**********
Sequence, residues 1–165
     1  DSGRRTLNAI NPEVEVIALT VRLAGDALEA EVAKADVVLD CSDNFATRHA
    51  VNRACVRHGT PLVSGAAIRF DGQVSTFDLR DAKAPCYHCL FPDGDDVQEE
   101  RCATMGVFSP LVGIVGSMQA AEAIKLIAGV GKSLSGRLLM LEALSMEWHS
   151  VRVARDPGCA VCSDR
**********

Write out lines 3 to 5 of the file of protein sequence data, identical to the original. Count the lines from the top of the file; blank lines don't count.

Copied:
    51  VNRACVRHGT PLVSGAAIRF DGQVSTFDLR DAKAPCYHCL FPDGDDVQEE
   101  RCATMGVFSP LVGIVGSMQA AEAIKLIAGV GKSLSGRLLM LEALSMEWHS
   151  VRVARDPGCA VCSDR